Too Long Didn’t Read

At least twice–maybe three times in one day last week–I ran across the cryptic tl;dr. I had to look it up.

I thought: I can use that. In the age of text-fragments, video-bits and sound-bytes the internet browser’s attention span continues to shrink. Essays longer than 140 characters need not apply. tl;dr Too long. Didn’t read.

So I’m thinking that I’ll set aside for now the notion of blogging a complete expression towards any larger point. This should especially easy this time of year when it starts to seem like molecular motion has ceased altogether, during the dull photo-lull when an image is not worth a thousand (or even 300) words.

Expect more short posts here, perhaps more than one some days. And maybe someday, a venue for longer posts in a sidecar cubby will appear in or near Fragments.

So while I muddle over those longer thoughts, a few links–practical, aural and visual–from the web inbox:

▶ Listen to jazz and rain sounds –

â–¶ Vegetable oil for lubricating chain saws

▶ Fields of Frost Flowers in Finland Are Stunningly Beautiful

Share this with your friends!

Fred First holds masters degrees in Vertebrate Zoology and physical therapy, and has been a biology teacher and physical therapist by profession. He moved to southwest Virginia in 1975 and to Floyd County in 1997. He maintains a daily photo-blog, broadcasts essays on the Roanoke NPR station, and contributes regular columns for the Floyd Press and Roanoke's Star Sentinel. His two non-fiction books, Slow Road Home and his recent What We Hold in Our Hands, celebrate the riches that we possess in our families and communities, our natural bounty, social capital and Appalachian cultures old and new. He has served on the Jacksonville Center Board of Directors and is newly active in the Sustain Floyd organization. He lives in northeastern Floyd County on the headwaters of the Roanoke River.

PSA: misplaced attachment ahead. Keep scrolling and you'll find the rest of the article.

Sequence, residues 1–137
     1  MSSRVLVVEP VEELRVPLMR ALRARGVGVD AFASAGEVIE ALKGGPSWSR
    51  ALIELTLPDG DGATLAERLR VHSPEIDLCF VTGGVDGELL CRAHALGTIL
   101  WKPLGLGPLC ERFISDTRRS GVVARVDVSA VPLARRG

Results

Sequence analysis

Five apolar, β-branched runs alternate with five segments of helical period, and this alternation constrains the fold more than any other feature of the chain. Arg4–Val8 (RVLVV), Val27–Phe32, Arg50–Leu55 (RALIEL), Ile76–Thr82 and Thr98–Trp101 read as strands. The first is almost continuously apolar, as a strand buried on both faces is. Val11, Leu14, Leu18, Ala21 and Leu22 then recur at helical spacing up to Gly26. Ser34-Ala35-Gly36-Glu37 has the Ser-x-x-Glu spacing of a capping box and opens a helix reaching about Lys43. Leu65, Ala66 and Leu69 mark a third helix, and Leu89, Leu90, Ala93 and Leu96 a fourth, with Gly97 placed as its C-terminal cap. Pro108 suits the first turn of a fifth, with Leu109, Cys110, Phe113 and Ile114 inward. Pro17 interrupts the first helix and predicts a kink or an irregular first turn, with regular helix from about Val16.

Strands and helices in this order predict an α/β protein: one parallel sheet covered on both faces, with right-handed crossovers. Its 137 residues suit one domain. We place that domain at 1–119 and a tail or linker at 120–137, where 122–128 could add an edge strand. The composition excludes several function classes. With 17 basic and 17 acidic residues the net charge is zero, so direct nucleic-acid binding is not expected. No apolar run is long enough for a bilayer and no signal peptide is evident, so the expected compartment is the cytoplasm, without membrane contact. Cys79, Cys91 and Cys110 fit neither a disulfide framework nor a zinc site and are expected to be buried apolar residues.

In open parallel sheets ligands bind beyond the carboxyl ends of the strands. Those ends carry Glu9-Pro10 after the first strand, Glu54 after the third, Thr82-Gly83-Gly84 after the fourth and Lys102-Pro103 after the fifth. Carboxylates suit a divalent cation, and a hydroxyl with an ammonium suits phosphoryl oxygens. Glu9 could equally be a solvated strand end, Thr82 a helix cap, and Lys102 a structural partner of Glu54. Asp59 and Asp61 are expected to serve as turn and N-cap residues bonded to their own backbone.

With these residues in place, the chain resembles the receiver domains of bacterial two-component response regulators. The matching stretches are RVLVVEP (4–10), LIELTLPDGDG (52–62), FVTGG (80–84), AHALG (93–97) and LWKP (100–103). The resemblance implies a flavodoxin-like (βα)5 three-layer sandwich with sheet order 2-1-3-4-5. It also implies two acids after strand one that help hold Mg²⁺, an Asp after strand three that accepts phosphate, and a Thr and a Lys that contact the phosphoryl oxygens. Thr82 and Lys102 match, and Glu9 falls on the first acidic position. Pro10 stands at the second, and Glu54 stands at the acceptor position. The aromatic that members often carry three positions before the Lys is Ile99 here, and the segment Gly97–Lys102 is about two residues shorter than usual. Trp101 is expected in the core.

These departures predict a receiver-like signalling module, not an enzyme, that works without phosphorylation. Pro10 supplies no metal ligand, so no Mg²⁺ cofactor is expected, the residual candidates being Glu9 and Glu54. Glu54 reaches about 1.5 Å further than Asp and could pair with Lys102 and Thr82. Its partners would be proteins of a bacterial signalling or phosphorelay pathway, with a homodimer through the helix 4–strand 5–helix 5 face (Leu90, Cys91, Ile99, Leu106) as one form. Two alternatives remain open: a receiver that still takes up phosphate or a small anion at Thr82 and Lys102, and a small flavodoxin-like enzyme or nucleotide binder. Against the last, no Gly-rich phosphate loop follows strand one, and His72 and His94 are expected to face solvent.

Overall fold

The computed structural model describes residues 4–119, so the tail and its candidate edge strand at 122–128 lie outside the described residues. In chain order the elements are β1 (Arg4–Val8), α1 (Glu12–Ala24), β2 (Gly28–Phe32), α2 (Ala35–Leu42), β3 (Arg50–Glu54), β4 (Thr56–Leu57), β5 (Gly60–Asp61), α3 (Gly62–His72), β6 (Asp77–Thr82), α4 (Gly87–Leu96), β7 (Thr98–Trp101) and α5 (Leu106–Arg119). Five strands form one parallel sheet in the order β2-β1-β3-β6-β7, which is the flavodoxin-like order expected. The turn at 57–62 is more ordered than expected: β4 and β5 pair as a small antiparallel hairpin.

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  1. World is moving too fast to savor anything these days. I love long posts that resonate with me. I print them out, curl up in my favorite chair with a cup of tea or coffee and read and savor the words. Please don’t eliminate all TL postings for people like me who still thrill to the writer who thinks, pauses, writes, reads, rewrites and chooses each word to add flavor and density to a piece. Just my humble opinion and yes, I am in the minority and savor it.

  2. Thanks, Lynn, I’m working on a format, still connected to the blog, for posting pieces that twig to each other–like the multi-segment thematic long essay I was talking about. That way, a reader would be able to read shorter single posts, but if they wanted, tie a half dozen 400 word blog-thoughts easily into a larger “too-long” whole. And I, in the end, might have a better sense of having done justice to my topic by the series.

    The whole thing, then, could be uploaded to Scribd, Issuu, Medium and other places for archiving and for taking in whole.